Recently I attended a meeting with multiple stakeholders from the business side. When asked to explain a feature, I started explaining them the details of the feature and its implementation. After the meeting one of my colleagues told me even though I explained it in detail, they will be requesting a follow-up meeting to discuss the same thing and it was true — the next day we had a meeting invite for the same thing as a follow-up. He explained to me that the reason was I had provided them more details than necessary which probably confused them. This incident led me to the principle of Occam’s Razor.

Quoted from Wikipedia

Occam’s razor or the law of parsimony is the problem-solving principle that essentially states that “simpler solutions are more likely to be correct than complex ones.” When presented with competing hypotheses to solve a problem, one should select the solution with the fewest assumptions. The idea is attributed to English Franciscan friar William of Ockham (c. 1287–1347), a scholastic philosopher and theologian.

We have all heard the famous quote by Sherlock Holmes

Once you eliminate the impossible, whatever remains, no matter however improbable, must be the truth.

This follows directly from Occam’s Razor. This principle states that given two explanations of a situation, the one in which there is the least number of variables(simpler) however improbable is the most likely explanation. This principle is very helpful and it can be used in a wide variety of situations but it is especially powerful in the hands of software professional.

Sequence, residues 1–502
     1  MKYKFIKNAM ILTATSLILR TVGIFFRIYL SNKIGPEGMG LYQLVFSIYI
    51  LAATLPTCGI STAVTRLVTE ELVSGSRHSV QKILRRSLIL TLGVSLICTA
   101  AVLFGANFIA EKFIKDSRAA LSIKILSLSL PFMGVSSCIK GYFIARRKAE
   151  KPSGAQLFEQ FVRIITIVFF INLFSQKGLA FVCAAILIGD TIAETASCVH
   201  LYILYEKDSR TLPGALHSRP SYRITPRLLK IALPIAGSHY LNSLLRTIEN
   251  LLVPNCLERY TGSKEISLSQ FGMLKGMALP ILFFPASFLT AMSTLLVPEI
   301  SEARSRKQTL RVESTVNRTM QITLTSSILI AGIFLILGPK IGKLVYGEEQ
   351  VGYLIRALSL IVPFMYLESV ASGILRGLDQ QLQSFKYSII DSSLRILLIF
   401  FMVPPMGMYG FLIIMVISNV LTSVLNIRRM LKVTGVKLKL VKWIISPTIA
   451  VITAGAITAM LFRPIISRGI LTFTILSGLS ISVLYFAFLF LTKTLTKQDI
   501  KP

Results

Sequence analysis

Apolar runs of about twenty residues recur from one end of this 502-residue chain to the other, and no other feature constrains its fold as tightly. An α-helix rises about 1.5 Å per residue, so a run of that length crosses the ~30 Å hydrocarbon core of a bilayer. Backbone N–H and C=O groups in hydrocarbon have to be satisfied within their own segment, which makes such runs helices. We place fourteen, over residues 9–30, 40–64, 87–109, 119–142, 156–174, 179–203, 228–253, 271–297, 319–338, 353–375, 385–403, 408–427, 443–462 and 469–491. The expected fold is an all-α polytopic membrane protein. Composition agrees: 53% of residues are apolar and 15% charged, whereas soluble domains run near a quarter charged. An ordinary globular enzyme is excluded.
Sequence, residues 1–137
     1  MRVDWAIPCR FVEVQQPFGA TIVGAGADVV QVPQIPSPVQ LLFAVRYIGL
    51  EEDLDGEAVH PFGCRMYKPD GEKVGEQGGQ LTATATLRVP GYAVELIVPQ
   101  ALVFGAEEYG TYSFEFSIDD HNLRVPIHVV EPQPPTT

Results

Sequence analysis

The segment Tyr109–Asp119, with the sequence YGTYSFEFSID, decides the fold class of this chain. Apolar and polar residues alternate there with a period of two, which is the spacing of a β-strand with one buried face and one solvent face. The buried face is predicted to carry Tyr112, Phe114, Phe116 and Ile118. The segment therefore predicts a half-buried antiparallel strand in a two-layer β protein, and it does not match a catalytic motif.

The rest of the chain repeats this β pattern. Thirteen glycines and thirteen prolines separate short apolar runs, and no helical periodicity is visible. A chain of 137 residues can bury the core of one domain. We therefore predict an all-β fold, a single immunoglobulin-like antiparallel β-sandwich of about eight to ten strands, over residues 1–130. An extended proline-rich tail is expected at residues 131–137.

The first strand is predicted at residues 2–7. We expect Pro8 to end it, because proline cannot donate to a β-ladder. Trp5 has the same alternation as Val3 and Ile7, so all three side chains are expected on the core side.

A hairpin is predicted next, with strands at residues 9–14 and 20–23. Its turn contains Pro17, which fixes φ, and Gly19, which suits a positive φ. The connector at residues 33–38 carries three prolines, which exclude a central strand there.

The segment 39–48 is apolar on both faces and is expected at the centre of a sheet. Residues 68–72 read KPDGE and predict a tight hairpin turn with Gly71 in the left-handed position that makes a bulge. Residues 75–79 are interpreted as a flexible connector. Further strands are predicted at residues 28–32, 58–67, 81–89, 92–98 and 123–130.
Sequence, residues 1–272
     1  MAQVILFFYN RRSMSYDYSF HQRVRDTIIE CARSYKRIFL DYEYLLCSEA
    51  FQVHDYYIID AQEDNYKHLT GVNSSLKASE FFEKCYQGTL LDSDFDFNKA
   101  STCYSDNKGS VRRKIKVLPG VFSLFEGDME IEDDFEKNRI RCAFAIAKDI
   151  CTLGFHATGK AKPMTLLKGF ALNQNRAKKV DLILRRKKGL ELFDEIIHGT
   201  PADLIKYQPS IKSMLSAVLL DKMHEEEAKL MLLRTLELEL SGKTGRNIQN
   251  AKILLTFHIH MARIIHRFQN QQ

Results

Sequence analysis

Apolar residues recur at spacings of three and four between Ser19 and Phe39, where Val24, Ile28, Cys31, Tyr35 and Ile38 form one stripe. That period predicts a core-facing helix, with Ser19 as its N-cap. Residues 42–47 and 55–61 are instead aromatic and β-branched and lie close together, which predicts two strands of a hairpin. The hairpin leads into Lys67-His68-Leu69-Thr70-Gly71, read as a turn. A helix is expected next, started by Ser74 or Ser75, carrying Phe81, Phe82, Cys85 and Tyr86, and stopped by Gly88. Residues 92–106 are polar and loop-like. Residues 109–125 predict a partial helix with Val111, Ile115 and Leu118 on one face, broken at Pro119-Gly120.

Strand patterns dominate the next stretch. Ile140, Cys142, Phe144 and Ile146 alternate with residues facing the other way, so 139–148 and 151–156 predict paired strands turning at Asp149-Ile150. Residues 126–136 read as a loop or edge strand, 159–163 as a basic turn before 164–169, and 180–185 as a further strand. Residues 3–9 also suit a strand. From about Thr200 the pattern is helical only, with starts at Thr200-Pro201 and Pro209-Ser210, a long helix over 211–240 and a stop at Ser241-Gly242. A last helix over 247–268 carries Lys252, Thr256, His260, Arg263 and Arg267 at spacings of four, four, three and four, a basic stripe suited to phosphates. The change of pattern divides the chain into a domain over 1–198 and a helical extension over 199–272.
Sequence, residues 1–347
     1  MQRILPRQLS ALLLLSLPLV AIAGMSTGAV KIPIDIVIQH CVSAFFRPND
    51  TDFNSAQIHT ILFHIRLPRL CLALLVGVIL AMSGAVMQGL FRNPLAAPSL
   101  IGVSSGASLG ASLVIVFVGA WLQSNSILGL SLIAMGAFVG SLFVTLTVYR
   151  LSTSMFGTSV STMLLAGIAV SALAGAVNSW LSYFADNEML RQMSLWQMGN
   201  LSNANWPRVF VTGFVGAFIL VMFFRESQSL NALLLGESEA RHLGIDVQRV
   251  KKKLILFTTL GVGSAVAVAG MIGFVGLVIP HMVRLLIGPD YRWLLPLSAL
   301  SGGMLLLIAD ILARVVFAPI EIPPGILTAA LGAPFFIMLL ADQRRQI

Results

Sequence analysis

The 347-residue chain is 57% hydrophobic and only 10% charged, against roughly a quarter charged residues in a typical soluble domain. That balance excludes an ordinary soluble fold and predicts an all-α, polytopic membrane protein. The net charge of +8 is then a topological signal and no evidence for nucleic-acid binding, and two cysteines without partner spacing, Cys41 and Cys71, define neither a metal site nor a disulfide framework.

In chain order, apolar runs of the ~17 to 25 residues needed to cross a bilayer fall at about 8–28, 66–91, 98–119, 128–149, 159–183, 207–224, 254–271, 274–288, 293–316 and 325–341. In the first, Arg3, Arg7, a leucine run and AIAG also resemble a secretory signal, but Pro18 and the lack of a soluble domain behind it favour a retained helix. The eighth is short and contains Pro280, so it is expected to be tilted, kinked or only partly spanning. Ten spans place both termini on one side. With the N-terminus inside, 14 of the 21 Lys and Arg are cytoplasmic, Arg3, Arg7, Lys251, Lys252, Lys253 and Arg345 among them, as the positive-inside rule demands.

There are many areas of Software development which can benefit from this principle. A few of them are:


The first and foremost area is coding. As developers, we make hundreds of decisions every day which directly affects the health of the codebase and in turn the business. Few of the mistakes we make include adding unwanted abstractions, designing for the future, making it “extensible”(whatever that means). These code with unwanted additional complexity slowly rots over time and becomes “that” part of the codebase that no one understands and nobody is willing to touch. These are the things we do either knowingly or unknowingly which can put a dent on our codebase health in the long-run.

To overcome this it would be prudent for us to think in terms of Occam’s Razor. Always do the simplest thing possible at any point in time. Principles like YAGNI and KISS are examples of Occam’s Razor in coding. If you want to combine 3 design patterns to accommodate a feature request you expect in the future, restrain your primal instincts and stick with a single class for now. Using Occam’s razor during the development process would keep the codebase simple and readable and your future peers will really thank you.

A word of caution here is, this principle should not be used as an excuse to write bad code or take shortcuts. If there is a real need to add complexity, by all means, you should do that. Consider this a framework for you to step back and think for a moment and weigh the cost of your decision in the long run.


Another interesting application of this principle is while debugging. The hard part about debugging is nobody knows the answer especially when you work in a legacy code base with business critical functionalities. Bigger the codebase, more complex the debugging process and thus the Occam’s Razor comes in really handy. All the good software developers I know trace the root cause of a bug by using this principle without even realising it.